Tuesday, September 27, 2011

Wangari Maathai

Wangari Muta Maathai caught my attention many many years ago.
It was 1971 when I was at the doctor's office and from the corner of my eye I saw a small message in the university paper at the table: "First East African woman promoted at Nairobi University. She was 31 and studied in the USA".
At that time it was unusual for a girl there to go to school, let alone to go to a far away country and finish a university study.
I was about 15 at the time, just realising I was rather bright and maybe could go to univeruty too.
All my doc said was: "What she can do, you can do too."
I don't know if she influenced my decision to go to university. Sure I felt that my uncle who went to university should not be the only one in the family and that I, a woman, could do what he did.

She was in my mind however when I stood in front of the examination board without family and friends, because the final examination was moved forward and there was no time to warn the people who should have been there. I waited alone for the final results. Maybe she did too.
I was lucky that my father was always early. He was just in time to see me happy all over because I made a dream come true. I'd finished my studies.

By then Wangari had already started campaigning for the Green Belt Movement (she initiated in 1977) to keep the forest of Kenia alive and replant what was already damaged. By now more than 40 million trees have been planted.
By then I didn't know she was also protesting against dictatorship and fighting against injustice. I heard about that just before 2000 I think, in an overview of the century in which she was mentioned as someone who had done a lot for the nature of Africa, but also for the people.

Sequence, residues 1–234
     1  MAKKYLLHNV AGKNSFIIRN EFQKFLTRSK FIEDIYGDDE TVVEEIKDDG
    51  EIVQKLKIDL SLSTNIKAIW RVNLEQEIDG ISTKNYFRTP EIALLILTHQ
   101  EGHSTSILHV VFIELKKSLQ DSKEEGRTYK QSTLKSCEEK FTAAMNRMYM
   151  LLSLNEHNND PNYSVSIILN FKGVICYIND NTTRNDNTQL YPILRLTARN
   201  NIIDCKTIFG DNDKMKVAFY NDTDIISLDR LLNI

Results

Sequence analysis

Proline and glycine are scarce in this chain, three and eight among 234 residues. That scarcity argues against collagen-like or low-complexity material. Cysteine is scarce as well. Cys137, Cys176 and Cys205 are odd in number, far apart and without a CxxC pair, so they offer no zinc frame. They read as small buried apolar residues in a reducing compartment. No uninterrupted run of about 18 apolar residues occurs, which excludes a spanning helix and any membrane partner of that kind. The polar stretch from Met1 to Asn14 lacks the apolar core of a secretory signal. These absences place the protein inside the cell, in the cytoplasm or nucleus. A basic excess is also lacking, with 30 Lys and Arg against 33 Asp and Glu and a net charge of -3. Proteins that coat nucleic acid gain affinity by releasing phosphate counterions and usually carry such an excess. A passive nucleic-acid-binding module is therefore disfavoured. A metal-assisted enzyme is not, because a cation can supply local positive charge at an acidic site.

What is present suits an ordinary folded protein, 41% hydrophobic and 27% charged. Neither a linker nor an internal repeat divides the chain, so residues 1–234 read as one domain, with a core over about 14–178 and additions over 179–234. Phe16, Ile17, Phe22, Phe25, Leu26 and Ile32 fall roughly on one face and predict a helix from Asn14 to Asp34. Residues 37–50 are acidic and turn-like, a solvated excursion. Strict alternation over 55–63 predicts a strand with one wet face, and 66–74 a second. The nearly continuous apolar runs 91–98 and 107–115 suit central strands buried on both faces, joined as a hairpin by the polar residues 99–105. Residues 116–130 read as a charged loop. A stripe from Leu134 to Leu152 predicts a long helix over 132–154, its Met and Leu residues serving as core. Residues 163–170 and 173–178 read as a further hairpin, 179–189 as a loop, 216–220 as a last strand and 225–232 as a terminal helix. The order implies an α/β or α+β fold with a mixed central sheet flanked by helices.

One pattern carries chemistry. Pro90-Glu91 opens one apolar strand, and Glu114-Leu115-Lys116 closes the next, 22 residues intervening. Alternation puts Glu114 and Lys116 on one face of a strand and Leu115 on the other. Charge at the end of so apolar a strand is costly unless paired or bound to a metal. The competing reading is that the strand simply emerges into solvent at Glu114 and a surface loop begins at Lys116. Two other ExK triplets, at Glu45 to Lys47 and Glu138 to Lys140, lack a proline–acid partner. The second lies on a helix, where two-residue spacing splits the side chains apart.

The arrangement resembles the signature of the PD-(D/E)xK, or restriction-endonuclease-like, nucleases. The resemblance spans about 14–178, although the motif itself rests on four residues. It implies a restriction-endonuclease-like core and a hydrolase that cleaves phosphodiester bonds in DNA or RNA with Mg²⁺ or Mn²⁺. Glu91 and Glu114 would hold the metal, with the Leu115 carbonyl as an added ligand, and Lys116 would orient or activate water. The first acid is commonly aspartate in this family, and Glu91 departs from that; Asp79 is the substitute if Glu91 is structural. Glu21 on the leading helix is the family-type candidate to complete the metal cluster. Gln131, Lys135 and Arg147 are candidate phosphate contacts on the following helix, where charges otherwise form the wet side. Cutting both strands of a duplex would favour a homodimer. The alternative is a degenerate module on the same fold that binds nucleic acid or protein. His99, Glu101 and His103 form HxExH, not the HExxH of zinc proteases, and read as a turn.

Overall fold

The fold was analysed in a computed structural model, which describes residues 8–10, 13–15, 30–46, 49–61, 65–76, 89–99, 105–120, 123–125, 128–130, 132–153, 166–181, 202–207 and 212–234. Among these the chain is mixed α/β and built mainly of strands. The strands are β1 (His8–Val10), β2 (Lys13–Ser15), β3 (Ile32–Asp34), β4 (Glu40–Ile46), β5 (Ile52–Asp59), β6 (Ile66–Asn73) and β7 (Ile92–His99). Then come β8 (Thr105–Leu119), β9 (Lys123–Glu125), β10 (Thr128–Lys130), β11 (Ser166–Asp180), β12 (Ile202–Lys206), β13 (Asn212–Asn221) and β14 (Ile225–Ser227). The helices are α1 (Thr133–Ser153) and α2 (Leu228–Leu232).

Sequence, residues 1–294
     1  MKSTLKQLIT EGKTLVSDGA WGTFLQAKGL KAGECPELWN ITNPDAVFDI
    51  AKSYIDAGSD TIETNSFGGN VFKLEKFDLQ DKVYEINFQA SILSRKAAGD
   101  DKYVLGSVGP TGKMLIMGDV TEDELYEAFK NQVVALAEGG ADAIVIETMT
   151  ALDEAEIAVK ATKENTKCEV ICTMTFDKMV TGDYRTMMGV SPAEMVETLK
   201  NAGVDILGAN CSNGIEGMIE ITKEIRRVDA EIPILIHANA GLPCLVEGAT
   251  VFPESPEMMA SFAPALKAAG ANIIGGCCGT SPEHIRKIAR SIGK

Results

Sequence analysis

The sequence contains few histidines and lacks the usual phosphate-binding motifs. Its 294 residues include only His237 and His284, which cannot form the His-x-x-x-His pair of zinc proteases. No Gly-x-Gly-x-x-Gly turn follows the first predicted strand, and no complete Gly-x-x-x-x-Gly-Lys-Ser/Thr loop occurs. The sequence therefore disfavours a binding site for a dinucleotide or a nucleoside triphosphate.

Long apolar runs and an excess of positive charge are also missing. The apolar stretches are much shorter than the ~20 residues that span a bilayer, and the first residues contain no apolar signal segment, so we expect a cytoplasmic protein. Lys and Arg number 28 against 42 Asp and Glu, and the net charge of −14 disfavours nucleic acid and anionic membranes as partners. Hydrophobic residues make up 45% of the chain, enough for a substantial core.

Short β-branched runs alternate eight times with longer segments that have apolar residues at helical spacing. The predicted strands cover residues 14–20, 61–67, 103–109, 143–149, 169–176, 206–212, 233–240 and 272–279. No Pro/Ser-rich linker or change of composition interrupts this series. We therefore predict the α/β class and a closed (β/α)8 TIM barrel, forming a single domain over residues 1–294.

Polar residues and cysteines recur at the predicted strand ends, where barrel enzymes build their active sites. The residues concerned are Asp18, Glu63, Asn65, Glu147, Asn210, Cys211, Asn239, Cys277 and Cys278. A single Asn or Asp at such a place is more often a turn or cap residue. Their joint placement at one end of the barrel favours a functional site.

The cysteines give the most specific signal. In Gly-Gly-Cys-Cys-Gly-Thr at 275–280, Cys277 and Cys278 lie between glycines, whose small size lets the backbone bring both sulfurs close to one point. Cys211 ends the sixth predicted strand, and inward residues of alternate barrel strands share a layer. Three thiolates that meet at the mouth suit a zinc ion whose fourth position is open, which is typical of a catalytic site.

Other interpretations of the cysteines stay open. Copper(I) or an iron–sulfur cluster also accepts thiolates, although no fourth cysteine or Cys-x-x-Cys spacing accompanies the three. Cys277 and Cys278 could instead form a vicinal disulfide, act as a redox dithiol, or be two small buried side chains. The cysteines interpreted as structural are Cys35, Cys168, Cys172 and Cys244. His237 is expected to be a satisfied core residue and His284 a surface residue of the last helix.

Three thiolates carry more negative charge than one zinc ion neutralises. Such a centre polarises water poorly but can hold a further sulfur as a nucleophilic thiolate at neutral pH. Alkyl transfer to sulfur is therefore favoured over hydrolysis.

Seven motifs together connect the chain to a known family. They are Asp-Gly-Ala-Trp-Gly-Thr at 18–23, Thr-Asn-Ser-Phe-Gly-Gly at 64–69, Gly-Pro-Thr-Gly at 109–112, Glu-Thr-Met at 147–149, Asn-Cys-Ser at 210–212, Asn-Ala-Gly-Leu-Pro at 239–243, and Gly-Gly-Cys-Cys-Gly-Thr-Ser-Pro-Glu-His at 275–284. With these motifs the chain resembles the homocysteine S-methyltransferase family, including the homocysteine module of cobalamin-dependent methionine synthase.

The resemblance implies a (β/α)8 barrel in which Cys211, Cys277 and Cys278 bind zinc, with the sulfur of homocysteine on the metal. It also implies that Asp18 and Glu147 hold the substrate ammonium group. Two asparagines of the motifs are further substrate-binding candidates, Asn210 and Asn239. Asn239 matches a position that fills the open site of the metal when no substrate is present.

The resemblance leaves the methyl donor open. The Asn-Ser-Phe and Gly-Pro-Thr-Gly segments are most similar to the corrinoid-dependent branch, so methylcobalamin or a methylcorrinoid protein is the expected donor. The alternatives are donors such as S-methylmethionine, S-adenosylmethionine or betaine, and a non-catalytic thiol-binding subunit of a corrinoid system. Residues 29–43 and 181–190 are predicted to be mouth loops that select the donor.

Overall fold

As she seemed to pop-up in my life so often I looked her up and found out that she was valued very much for what she tried to do to end injustice and strive for peace between people.
She had a hard time fighting for the rights of women, but she kept on working hard, against all odds, threats and acts against her life.
As precisely at that time something about the Nobel prize was on the radio I thought it a good idea to bring her to the attention of the committee, as never before an African woman had won the Nobel Prize.
She won the Nobel Prize for Peace in 2004.

By that time she was part of the new democratic government of her country, but the old ways and the male dominance where too powerful to enable her to reach all her goals.
Nevertheless has she created a lot of awareness for the value of nature, for the way rich people deal with nature and poor people, and she has empowered the african people.

Wangari has won a lot of prizes, travelled all over the world to bring her message, she even adressed the UN a couple of times. She became professor and a lot more.
But most of all she kept true on what she saw as her mission in life.
And she stayed the wonderful woman she was.

She died from cancer at the age of 71 at september 25.

Thank you Wangari for be an inpsiration in my life too.


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